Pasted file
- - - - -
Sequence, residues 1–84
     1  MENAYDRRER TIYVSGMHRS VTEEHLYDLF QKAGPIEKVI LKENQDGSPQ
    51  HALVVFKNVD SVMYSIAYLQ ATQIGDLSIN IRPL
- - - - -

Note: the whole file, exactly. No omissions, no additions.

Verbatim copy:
Sequence, residues 1–84
     1  MENAYDRRER TIYVSGMHRS VTEEHLYDLF QKAGPIEKVI LKENQDGSPQ
    51  HALVVFKNVD SVMYSIAYLQ ATQIGDLSIN IRPL